COMMENTARY

7 simple steps to a healthy relationship with your subcontractors

Every successful relationship in our lives – whether business or personal – requires a combination of honesty, trust, mutual respect and cooperation. The same principles that govern our personal relationships should be used to foster successful subcontractor relationships.

Whether you’re new to prime work and looking for guidance, or a long timer who needs to refresh your commitment to your subcontractors, the following principles serve as valuable guideposts for fostering productive, successful relationships with your subcontractors, and by extension, with your clients.

  1. Be Honest with Yourself

Step one in a healthy relationship is understanding yourself. By evaluating your own organization honestly, you’ll have a better understanding of where you have weaknesses that negatively impact your performance and client satisfaction. It may be tempting to try to take on more aspects of a project than you’re qualified to in order to maximize revenues, but this short-term win can have massive negative repercussions. Know what you’re good at, focus on those areas, and team effectively to build out the areas where you need to be stronger. The results will far exceed trying to accomplish things on your own.

  1. Surround Yourself with Those You Trust

Trust between a prime and subcontractor is sacred. You both have roles to play in delivering client solutions, and the customer should feel they’re working with one combined team. There cannot be infighting or jockeying for position within your team. Find companies with which you work well, foster relationships with them, trust them to do their jobs and play fairly. Over time, it will become clear which companies you can rely on to represent themselves and you well, and once you find those organizations, hold onto them for dear life.

  1. Don’t Always Put Yourself First

We’ve all worked with prime contractors who default to taking as much of a project for themselves as possible. Subcontractors like to work with other organizations willing to collaborate and share. A selfish prime contractor will struggle to find subcontractors willing to work with them over time. They also will find themselves in peril if there’s a change to a contract designation for the recompete. For example, if a new RFP comes out for your incumbent work and you don’t qualify to prime because of a change to the way the contract is structured, your existing subcontractors have little incentive to bring you in on their teams as they pursue the work. If you play fairly and give others opportunities to succeed, they’re much more likely to return the favor.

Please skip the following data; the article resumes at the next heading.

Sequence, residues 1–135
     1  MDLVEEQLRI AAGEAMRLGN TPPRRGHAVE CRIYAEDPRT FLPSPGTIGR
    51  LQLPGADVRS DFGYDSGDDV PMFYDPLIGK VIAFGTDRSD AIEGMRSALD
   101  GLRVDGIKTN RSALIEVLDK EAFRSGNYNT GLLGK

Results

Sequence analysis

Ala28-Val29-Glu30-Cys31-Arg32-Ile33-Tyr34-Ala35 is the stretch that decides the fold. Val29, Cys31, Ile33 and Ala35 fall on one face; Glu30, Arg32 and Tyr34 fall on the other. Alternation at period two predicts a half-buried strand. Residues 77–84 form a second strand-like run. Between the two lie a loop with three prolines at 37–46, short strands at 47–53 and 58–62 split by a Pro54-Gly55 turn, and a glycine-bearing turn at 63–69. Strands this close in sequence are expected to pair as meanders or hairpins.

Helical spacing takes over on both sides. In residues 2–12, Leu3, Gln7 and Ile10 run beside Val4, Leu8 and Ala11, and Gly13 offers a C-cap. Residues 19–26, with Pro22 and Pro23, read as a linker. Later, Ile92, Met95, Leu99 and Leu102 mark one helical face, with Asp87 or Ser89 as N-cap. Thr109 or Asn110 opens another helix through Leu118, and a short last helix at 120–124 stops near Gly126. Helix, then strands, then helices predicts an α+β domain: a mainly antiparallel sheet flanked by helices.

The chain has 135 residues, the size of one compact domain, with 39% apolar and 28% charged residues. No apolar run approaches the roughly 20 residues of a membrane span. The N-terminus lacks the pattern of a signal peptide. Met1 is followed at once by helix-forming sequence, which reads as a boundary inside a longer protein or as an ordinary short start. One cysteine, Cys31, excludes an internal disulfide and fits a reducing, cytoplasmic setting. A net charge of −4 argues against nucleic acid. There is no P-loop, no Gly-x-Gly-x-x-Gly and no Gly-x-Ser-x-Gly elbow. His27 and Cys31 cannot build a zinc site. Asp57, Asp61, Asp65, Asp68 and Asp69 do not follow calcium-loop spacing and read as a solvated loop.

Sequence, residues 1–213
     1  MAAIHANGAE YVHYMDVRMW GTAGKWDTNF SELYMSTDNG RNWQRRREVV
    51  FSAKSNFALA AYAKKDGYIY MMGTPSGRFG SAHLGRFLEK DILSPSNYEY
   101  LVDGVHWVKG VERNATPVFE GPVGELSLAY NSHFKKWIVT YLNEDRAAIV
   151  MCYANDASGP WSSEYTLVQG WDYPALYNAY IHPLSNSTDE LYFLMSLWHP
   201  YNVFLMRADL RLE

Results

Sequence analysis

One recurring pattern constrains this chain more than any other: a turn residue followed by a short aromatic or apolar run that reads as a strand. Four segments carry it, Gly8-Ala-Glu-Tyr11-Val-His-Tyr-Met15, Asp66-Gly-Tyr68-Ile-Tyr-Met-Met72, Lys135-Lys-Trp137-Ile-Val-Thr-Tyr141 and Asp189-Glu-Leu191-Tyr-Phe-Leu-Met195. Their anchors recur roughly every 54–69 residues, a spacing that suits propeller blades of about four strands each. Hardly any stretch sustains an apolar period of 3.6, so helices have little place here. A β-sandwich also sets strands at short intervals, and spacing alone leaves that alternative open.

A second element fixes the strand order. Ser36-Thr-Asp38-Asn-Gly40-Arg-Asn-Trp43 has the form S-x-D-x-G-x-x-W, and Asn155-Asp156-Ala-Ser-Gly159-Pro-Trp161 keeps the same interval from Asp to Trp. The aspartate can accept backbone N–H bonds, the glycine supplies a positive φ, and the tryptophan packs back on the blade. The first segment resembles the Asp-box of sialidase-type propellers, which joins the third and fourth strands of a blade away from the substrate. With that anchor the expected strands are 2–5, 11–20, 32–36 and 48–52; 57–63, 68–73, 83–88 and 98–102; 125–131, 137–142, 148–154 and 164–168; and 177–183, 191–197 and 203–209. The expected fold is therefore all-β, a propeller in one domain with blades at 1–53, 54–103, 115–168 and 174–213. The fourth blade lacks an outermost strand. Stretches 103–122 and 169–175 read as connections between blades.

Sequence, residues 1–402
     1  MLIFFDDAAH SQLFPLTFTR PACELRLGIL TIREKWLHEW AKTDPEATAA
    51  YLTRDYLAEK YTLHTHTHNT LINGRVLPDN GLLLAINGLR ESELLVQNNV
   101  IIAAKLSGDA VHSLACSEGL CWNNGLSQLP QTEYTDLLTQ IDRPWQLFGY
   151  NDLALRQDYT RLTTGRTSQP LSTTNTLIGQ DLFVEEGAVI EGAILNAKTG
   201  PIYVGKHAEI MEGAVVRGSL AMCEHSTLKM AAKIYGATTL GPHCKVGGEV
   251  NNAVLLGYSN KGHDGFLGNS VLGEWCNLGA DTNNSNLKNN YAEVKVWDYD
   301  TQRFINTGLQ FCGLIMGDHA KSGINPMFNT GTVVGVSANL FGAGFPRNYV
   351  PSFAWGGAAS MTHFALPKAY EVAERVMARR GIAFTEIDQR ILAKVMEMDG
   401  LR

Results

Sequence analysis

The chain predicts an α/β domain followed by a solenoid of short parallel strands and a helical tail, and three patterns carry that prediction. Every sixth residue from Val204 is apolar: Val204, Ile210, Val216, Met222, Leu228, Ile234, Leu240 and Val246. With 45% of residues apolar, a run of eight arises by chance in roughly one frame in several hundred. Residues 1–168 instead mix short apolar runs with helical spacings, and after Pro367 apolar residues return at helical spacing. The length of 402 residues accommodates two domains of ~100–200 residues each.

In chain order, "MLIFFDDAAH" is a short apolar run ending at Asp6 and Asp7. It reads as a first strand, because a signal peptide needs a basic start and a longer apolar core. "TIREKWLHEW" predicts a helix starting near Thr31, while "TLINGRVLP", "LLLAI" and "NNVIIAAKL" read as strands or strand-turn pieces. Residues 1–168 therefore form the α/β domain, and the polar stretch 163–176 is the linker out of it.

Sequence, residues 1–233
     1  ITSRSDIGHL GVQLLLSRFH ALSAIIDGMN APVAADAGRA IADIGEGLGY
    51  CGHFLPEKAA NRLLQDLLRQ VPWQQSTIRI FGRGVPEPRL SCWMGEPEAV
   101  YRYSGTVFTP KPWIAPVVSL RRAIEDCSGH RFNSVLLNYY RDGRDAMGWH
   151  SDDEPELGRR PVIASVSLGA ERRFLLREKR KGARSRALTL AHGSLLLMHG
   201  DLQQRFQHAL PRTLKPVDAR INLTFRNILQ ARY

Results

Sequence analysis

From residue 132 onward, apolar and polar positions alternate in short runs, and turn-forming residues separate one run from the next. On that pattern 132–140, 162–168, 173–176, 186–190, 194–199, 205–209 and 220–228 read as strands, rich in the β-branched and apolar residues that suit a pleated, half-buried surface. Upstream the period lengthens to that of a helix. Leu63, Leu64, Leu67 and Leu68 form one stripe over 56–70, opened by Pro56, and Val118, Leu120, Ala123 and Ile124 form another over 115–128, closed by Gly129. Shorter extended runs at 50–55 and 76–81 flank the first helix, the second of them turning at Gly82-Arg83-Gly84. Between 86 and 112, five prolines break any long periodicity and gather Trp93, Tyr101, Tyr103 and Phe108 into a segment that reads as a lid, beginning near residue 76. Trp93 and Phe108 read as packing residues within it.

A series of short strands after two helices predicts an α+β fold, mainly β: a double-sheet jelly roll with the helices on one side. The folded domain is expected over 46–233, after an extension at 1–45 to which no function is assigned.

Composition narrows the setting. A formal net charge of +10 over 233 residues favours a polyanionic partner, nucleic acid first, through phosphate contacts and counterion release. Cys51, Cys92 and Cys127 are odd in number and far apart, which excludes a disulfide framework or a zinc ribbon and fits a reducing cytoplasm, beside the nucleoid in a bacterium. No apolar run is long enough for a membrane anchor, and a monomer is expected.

1. Communicate Openly

Successfully managing a subcontractor involves constant two-way communications. It’s your job to clearly communicate your expectations, timelines and employee responsibilities. And as the prime, you’re also responsible for serving as the intermediary between the client and your sub.

You also need to listen to your subs. Subs are at the frontline of client delivery doing critical work that impacts your overall project success. Schedule regular meetings so the prime/sub team is aligned and provide multiple mechanisms for them to provide feedback. Your sub is more likely to communicate problems with you early if they trust you to work with them to address the problem instead of engaging in finger pointing.

  1. Demonstrate Their Value

Organizations perform best when they feel their contributions are seen and appreciated. Make sure you’re sharing your subcontractor’s successes with your joint client, and regularly communicate any positive feedback to the subcontractor directly. Your willingness to share credit for good work will go a long way in deepening the trust and mutual respect with your partners, which will benefit you in countless ways over time.

  1. Be Financially Responsible

One of the great aspects of working in government contracting is that government pays its bills on time. Your subcontractors know this, and as a result, they expect to have their invoices paid within contractually agreed upon timelines. Do not delay payment to your subs unless there is absolutely no way around it, particularly for the smaller subcontractors that don’t have as much of a cash reserve to withstand the delays.

  1. Legally Protect Yourself

Like every relationship with financial entanglements, you have to protect yourself (and your client). Partnerships typically form when everything is working smoothly and everyone is happy. But if things change, you need legal safeguards in place that protect your organization. Prime contractors (as well as their subs) should always have their agreements reviewed and updated by qualified legal counsel. At the end of the contracting process, your subcontractor should have a strong understanding of what they need to do to stay in compliance with the agreement, and likewise, what the remedies will be if they violate the agreement or fall short on client requirements.

You Know What To Do. Now Do It!

No relationship is perfect, but most can be improved through adhering to these outlined principles. Practicing these behaviors will lead to a range of likely outcomes, including business growth, improved client satisfaction, and a much larger network of companies willing to do business with your organization.

About the Author

Walter Barnes III is the founder and president of PM Consulting Group, a provider of program and project management services.

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